A wonderful juxtaposition of scale throughout: the towering arches through the quarry, the huge gunneras, figs and rhododendrons.

And some rather short people; this one (me) wearing that familiar expression of one who wonders what's taking the photographer so long.... it's point and click, for heaven's sake!

We emerged to find ourselves at a field where confident-looking people stood about nonchalantly wielding huge bows. Gulp! Those targets were impossibly, scarily, far away for us total novices! Perhaps we wouldn't bother, thank you....

But we had found the real archery competition, not the "Have A Go" fundraiser. That was safely tucked away behind the castle.

And we did have a go. What fun! A patient tutor from Ponteland's archery club coached us through the basics, and we didn't do badly. (Bumblevee, champion archer, don't shudder like that! We had never even held a bow before!)

Lynn, Annie, then me.

The targets weren't very far way. This was a Good Thing. See the yellow area in the centre? Two of my arrows are in there!

We wandered through the castle, to find that Mat Collishaw's zoetrope had broken down. A friendly attendant apologised, and sent us up the winding staircase to look at it anyway, and to poke around in the castle ruins.

But the ruins themselves were interesting too - even with floors, those stone rooms must have been perishing cold in winter, with only those small fireplaces, now used by nesting birds.

The return route through the Quarry Garden took us to Mariele Neudecker's huge, lovely replica of the Belsay sash window.

Three small humans reflected in the lower right pane.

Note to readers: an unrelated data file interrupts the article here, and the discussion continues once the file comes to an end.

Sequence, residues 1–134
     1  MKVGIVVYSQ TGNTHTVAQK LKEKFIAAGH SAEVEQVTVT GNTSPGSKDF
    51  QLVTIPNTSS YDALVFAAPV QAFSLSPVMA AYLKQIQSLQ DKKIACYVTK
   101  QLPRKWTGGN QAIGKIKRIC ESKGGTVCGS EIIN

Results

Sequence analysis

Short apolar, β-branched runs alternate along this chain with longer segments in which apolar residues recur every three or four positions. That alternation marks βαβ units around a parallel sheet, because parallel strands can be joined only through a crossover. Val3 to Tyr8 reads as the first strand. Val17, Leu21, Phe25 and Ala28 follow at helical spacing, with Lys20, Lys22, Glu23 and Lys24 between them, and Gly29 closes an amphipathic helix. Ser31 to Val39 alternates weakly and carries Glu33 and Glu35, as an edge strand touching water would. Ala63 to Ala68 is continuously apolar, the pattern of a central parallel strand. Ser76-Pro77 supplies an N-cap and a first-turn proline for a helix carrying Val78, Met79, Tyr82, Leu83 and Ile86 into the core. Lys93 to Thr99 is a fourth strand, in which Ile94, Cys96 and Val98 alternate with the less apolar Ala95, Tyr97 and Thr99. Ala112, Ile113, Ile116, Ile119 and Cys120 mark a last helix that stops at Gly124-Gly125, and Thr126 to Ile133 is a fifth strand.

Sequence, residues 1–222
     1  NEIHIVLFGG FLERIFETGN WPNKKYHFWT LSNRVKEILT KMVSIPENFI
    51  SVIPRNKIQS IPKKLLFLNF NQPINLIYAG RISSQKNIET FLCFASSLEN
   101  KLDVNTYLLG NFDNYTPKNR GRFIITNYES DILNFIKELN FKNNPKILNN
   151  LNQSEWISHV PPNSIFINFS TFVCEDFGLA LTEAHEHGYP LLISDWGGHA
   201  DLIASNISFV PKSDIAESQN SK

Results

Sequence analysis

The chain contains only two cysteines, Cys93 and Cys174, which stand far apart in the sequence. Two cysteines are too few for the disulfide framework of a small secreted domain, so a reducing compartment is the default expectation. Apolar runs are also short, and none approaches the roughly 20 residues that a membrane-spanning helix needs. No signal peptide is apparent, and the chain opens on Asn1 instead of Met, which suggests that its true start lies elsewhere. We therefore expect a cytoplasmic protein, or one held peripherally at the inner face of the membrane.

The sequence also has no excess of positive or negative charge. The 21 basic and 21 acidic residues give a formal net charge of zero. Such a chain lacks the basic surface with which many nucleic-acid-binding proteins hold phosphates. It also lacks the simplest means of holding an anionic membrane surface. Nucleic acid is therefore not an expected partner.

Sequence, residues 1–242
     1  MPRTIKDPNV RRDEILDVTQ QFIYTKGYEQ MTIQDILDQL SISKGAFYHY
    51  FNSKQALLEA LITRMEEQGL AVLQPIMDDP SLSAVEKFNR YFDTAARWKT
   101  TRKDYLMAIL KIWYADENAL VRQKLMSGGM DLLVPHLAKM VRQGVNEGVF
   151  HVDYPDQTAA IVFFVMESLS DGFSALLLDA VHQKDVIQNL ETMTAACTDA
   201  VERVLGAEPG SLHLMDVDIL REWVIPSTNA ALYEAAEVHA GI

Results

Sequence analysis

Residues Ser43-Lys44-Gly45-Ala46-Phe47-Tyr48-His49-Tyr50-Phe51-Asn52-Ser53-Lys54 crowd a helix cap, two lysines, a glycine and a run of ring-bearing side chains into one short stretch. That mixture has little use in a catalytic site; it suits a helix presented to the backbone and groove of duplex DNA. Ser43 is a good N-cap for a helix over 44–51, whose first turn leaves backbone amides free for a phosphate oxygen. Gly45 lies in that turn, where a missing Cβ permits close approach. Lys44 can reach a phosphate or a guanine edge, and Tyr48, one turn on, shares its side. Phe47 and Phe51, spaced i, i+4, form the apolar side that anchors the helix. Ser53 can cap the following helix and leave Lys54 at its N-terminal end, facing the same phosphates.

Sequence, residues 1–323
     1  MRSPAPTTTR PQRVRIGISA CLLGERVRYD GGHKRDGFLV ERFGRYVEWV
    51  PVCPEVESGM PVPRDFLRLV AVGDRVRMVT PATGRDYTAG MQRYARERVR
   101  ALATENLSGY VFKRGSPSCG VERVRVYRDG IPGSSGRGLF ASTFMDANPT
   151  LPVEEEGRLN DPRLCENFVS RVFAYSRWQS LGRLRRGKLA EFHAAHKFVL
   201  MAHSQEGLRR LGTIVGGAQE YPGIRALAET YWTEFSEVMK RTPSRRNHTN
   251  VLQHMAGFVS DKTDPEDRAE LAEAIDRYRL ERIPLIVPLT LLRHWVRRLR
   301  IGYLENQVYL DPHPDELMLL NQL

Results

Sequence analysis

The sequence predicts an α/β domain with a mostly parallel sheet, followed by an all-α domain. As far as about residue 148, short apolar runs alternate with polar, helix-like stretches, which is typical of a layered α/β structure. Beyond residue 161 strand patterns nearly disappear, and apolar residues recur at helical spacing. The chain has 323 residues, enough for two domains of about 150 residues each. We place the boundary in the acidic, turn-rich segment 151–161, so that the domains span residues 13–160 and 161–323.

And dwarfed by it.

The garden itself gives one a sense of being very small in the eyes of Mother Nature.

And finally, to the tearoom, for a cup of tea and a slice of butterscotch cake - let's take a picture... oops, too late! -   before driving home to our familiar-sized homes. Such a lovely day out!

Saturday 26 June 2010


A change of house.

I'm off to Belsay Hall, Castle and gardens to see these exhibitions and to try my hand at a bit of archery. There may be photos, and hopefully no casualties.

Friday 25 June 2010

Remembering Mark

On this day in 1963, the accidental death occurred of my youngest brother Mark, aged 5.

Here he is, a chubby smiling baby, well swaddled against the cold, his big brother K, 3 years older, looking over the pram wearing the brown cap of which he was inordinately proud.

And again, in a rather frayed terry nappy, toddling sturdily with his little wheeled horse.

At about 3, on his tricycle on a quiet German road, wearing one of the striped tops favoured by my mother. A cheerful, lively, loving child, fair-haired and brown-eyed, often getting into scrapes, requiring rather more of a watchful eye than his brother or his two sisters had ever needed.